News

Embedded Optical Sensors Make Robotic Hands More Dexterous

Researchers have developed a three-fingered soft robotic hand with embedded, stretchable fiber optic strain sensors. By using fiber optics, the researchers were able to embed 14 strain sensors into each of the fingers in the hand, giving it the ability to determine where its fingertips are in contact, and to detect forces of less than a tenth of a newton.

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Wearable Electronic Health Patches Continuously Monitor the Body

A team of researchers in the Cockrell School of Engineering at The University of Texas at Austin has invented a method for producing inexpensive and high-performing wearable patches that can continuously monitor the body’s vital signs for human health and performance tracking.

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Sensors Detect Corrosion Risk in Concrete Structures in Real Time

Researchers from the Polytechnic University of Valencia (UPV) have developed a new sensor system that detects quickly and nondestructively the risk of corrosion in the concrete structure of the buildings. The information provided allows engineers to anticipate well in advance any action deemed necessary, while reducing the costs of repair and maintenance.

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Solar-Powered Water Purification System Supports Remote Village

For nearly two years, residents of the remote Mexican village of La Mancalona, most of whom are subsistence farmers, have operated and maintained a solar-powered water purification system engineered by researchers at the Massachusetts Institute of Technology (MIT).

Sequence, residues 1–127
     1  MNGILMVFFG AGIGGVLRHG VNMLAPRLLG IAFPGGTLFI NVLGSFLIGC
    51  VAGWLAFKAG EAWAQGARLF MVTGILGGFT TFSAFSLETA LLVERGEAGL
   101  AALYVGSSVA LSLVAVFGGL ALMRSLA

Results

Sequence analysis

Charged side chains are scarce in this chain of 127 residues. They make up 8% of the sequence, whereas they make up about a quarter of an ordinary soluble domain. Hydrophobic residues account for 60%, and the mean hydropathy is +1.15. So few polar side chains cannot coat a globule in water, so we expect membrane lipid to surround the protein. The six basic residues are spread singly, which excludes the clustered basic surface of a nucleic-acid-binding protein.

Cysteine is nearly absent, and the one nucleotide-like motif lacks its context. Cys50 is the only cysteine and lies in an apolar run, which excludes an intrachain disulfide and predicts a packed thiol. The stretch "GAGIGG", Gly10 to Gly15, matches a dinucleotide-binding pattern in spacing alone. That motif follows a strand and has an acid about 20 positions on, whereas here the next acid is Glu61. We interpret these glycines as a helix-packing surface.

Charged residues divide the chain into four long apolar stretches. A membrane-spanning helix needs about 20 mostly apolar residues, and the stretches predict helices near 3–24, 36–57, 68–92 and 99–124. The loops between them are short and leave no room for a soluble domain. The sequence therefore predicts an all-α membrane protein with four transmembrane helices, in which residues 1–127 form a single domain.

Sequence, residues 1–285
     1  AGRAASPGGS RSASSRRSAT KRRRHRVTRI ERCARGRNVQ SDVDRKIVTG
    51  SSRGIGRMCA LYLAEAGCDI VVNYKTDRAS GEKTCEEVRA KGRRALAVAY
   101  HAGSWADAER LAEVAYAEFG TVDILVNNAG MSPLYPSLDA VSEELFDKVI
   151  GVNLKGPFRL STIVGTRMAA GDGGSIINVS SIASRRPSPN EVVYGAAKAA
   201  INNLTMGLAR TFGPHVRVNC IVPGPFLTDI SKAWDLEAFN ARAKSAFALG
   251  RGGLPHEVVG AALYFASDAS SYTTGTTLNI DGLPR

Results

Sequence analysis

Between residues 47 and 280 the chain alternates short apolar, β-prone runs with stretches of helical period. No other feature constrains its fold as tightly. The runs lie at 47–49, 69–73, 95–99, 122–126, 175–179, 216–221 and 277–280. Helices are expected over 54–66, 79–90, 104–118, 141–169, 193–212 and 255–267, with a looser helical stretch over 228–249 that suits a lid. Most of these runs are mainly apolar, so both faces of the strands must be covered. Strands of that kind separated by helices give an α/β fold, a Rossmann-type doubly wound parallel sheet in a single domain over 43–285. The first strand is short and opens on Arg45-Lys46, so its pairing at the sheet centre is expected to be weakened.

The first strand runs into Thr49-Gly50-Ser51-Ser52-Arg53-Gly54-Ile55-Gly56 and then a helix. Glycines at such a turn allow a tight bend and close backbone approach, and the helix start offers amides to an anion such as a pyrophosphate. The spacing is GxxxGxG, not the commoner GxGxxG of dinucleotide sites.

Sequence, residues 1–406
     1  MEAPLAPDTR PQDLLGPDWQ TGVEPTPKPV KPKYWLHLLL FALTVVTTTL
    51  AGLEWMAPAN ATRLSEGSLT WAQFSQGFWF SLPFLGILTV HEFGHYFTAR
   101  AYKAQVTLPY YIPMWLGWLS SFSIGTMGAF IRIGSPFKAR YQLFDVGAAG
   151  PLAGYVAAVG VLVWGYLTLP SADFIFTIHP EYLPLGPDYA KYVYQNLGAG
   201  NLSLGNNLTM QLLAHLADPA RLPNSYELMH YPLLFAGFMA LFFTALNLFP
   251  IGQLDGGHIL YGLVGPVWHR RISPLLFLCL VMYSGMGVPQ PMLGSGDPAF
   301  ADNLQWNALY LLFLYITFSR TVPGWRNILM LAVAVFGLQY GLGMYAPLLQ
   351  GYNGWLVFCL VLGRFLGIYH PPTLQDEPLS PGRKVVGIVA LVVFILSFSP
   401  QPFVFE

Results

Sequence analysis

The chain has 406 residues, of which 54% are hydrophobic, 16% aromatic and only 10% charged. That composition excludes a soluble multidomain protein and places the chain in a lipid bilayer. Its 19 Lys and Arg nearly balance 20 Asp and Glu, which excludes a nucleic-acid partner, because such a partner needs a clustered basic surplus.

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Are video games good for the brain?

This week’s Question: A new study published from the Policy Insights from the Behavioral and Brain Sciences found action video games—which require players to navigate complex 3D settings, account for quick-moving targets, and switch between focused and distributed attention—are most beneficial to cognitive abilities. Another early 2015 study, however, published by the Douglas Mental Health University Institute, showed that while video game players exhibit more efficient visual attention abilities, they are also much more likely to use navigation strategies that rely on the brain's reward system (the caudate nucleus) and not the brain's spatial memory system (the hippocampus). What do you think? Are video games good for the brain? 

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Will telemedicine improve health care delivery?

This week's Question: Telemedicine Services like American Well, a Boston, MA-based service, allow smartphone or Web users to have a video consultation with a physician. According to a July report by investment bank RBC Capital markets, telemedicine technology has the potential to save more than $40 billion annually by cutting nearly two-thirds of unnecessary emergency room visits, and save nearly $20 billion a year by replacing one-third of physician visits. The move toward telemedicine options, like apps and video conferencing, however reduce face-to-face care. What do you think? Will telemedicine improve health care delivery?  

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NASA Tests New Green Propellants for Satellites

To stay in the proper orbit, many satellites have thrusters – small rocket engines – that fire to change altitude or orientation in space. On Earth, where gravity dominates, five pounds of thrust, equivalent to 22 Newtons of force, may seem small, but in space, it doesn’t take much thrust to move a large spacecraft.

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